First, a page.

They don't need a new model. They need to update the mini and add a "high-end" one. Better integrated graphics for the lower end and dedicated 256MB for the high end. 2GB RAM standard with up to 4GB, and a faster processor. I hope they can fit that all in without making it too much bigger. No need for quad-core, and no need for any more RAM or graphics memory. If you want more in a cheap mini, you're being unreasonable. If you can't find what you need among that updated mini, the updated iMac (they desperately need it too) or the Mac Pro, then buy a PC.
  14. TechHistorian macrumors member

    Nov 18, 2002
    Ivory Tower
    The problem is, as others have pointed out, that such a machine would cannibalize iMac sales -- and probably Mini sales as well. Moreover, by being expandable, it would increase Apple's driver headaches. You'd get plenty of switchers complaining about the lack of OS X drivers for their old PC hardware (or the new hardware being released by ATI, nVidia, et al.).

    Apple has long operated on the paradigm that maintaining tight integration between the OS and the hardware is the key to user-friendliness. To quote Guy Kawasaki, 'it's the Macintosh Way." And the way to maintain that integration is with AIO designs. The only expandable computer Apple makes these days is the Pro. That fact alone says volumes about Steve Jobs' and Apple's design/engineering philosophy.
  15. 0sync0 macrumors regular

    Feb 8, 2008
    What you are describing machine-wise is what I have been using for more than 20 years in the PC world. Now that I'm looking at getting my first Mac it amazes me that I would need to spend $3k for this.
  16. PNW macrumors regular

    Feb 7, 2007
    Why does that matter? A sale is a sale and it would also lead to more switchers i.e. new sales

    That's just FUD. Does the phrase unsupported hardware not mean anything? Besides, plenty of people are already complaining that the current lineup doesn't use this or that card

    Fine make it a PIA to access like the mini, but not everyone wants an all in one especially now that the iMac had dumped the matte screen (glossy screens are really bad for photo work)
  17. a104375 macrumors 6502


    Oct 8, 2007
    Matamoras, PA
    i agree there is really a computer missing from there line up they need more inbetween models
  18. Leon Kowalski macrumors 6502a

    Leon Kowalski

    Sep 20, 2007
    Gondwanaland Reunification Front HQ
    If TheOneTruePath™ is AIO, did someone forget to tell the Mac Pro design team?
    Kinda surprising that I haven't heard too many complaints about the Pro's lack of
    tight integration and user-friendliness.

    "Nothing is harder to put up with than the annoyance of a good example."
    - Mark Twain

  19. gotzero macrumors 68040

    Jan 6, 2007
    Mid-Atlantic, US
    This hole got made. It was not always there. I attached archive.org shots of the apple store from Jan 03 and 05. You used to be able to get a low-end powermac for barely more than a base imac.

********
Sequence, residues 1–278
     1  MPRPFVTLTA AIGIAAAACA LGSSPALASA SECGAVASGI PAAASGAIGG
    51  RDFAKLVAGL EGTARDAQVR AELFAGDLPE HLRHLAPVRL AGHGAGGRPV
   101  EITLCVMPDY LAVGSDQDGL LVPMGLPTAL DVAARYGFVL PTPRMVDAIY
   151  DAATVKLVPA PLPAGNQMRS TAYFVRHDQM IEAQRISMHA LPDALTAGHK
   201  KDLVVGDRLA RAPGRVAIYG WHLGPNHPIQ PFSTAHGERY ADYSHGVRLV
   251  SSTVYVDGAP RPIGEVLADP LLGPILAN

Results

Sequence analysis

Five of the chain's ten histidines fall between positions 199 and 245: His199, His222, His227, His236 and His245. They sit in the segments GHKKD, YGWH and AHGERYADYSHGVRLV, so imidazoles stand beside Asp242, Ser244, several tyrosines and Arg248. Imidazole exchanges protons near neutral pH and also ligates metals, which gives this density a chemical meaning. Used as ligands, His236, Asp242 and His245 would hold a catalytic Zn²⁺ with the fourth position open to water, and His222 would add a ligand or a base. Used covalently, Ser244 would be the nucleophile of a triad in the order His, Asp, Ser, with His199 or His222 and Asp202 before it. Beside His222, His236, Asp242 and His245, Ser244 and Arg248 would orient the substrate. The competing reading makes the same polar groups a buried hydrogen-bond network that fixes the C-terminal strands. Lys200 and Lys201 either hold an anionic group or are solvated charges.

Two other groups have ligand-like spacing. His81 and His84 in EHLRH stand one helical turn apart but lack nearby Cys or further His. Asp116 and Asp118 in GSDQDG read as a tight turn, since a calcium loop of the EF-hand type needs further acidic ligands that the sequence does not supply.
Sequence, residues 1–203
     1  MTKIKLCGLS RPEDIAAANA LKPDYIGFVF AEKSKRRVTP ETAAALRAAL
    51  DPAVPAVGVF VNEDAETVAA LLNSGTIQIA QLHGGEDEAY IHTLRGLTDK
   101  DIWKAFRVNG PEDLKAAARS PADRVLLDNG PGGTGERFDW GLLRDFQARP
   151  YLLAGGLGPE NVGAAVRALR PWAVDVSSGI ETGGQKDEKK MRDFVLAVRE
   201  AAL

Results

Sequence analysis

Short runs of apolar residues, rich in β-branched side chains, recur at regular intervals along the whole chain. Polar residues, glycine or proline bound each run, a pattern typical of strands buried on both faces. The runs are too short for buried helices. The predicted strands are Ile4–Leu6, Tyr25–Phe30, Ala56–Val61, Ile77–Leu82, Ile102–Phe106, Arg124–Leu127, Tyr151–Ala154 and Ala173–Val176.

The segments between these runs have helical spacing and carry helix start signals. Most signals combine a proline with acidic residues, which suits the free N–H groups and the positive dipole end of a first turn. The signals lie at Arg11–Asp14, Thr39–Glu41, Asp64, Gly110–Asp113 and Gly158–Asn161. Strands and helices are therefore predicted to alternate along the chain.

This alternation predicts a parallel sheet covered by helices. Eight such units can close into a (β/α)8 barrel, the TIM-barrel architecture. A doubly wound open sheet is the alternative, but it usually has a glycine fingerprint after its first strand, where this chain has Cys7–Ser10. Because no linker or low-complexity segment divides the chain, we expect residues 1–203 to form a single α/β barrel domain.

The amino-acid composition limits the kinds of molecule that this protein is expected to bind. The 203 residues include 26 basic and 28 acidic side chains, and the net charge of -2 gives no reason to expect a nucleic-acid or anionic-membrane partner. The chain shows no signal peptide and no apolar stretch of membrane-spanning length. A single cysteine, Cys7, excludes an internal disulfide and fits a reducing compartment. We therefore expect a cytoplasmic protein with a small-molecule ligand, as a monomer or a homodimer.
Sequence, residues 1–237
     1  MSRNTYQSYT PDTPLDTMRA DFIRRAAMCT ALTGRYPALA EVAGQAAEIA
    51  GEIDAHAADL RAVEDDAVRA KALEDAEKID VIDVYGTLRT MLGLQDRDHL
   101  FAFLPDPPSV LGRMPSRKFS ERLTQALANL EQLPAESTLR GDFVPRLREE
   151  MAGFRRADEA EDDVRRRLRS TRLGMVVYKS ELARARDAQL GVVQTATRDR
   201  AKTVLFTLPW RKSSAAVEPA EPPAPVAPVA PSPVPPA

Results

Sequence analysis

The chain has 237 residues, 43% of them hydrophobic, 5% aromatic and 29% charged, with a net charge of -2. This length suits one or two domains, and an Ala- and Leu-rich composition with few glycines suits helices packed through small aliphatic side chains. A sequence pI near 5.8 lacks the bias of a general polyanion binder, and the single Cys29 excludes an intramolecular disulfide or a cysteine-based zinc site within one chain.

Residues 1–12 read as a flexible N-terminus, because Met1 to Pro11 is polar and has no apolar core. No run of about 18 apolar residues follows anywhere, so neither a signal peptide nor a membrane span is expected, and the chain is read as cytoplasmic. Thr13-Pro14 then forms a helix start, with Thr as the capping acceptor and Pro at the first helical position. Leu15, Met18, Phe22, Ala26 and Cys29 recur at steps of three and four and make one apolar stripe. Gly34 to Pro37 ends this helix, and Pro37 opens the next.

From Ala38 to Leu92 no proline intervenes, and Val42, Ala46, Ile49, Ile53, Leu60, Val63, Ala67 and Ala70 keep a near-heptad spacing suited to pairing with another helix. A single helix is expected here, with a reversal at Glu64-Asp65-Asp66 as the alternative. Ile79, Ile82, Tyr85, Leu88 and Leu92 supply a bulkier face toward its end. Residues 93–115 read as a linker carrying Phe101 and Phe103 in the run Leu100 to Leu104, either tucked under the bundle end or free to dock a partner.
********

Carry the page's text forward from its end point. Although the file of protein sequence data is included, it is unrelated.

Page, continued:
I would be falling over myself today to pick up a $1500 base mac pro, even if it was a lot less powerful than the $2299 current bottom line. These low end towers were not very fast processor-wise, but they offered the expandability that so many want.

    It was not really until the intel mac pros that the base prices shot up so much.

    Attached Files:

  20. czachorski macrumors 6502a


    Sep 24, 2007
    I think the gap is intentional by Apple, and it is an interesting move for them. It's true that in the past, there has been better options for a tower, without going to extreme high-end in the current Mac Pro. It is so obvious, it can not be ignored as a strategic move by Apple to try to change consumer behavior to Apple's view of what a computer should be.
  21. chris200x9 macrumors 6502a

    Jun 3, 2006
    beaten to death....and solved by the mac pro quad core which will save you $500.
  22. Globetrotter macrumors regular


    Nov 5, 2007
    Are you sure a Mac mini isn't good enough?

    I'm still using my iBook G4 (typing on it now), with 1.5GB of RAM, running at 1.42Ghz.

    For the internet, its really great.

    For microsoft word, its really great.

    For iWork, its really great

    For iLife, its really great

    For editing in Gimp, it doesn't fly, but its VERY usable (to 'prove' it ;), I used it while working over the summer, and if it wasn't usable, I really wouldn't have bothered with it)

    Graphics card is an ATI Mobility Radeon 9550.

    This is a nearly 3 year old laptop, and its fine.

    If you want an upgradable mac, you have to pay a lot.

    Why not go into an Apple store and check out the mini speed?

    I think the idea that the mini is too slow is all 'in the mind'.

    Apple has 3 computers to serve 3 'kinds' of people.

    Mini for those upgrading from a pc / those already with a monitor.

    iMac for those just renewing their mac membership ;)

    Mac Pro for people who need a mac for work, or those with money to burn.

    There is no hole. There is only your reaction to the price level set by Apple.

    Try the mini. I'm getting one after the next upgrade ;)
  23. gotzero macrumors 68040

    Jan 6, 2007
    Mid-Atlantic, US
    For only $700 (~40%) more than the base price of the G5 days? I think there has been a definite creep, and I hope it falls back down.

    In my eyes, the mac pro getting so much more expensive at the base price does create a hole to put in a super-mini...
  24. Leon Kowalski macrumors 6502a

    Leon Kowalski

    Sep 20, 2007
    Gondwanaland Reunification Front HQ
    There's a huge hole, and it's not just about pricing. I have absolutely
    no use for a behemoth tower with a 1kW power supply and enough
    drive bays, ram sockets, and video card slots to sink a battleship.
    I also have no use for $$-DIMM dual-channel ECC memory (at more
    than double the price of ordinary garden-variety RAM).

    If Apple offered a smaller tower (with 2 HD bays and a tray-loading
    optical drive bay), but otherwise identical to a 2.4 or 2.8 GHz iMac,
    I'd be willing (not happy, but willing) to pay the same price as the
    corresponding iMac. It would be worth it for accessibility alone --
    not to mention the freedom to select a monitor of my choice.

    The "hardware integration" argument is a lame excuse -- it doesn't
    seem to be a problem with Mac Pro -- and I'd have no problem with
    Apple limiting support to a short list of "approved" components.

  25. gotzero macrumors 68040

    Jan 6, 2007
    Mid-Atlantic, US
    I agree. I really do think that something the size of the cube, based on the mini, and about $1500 would be an awesome system. The specs above would be fantastic.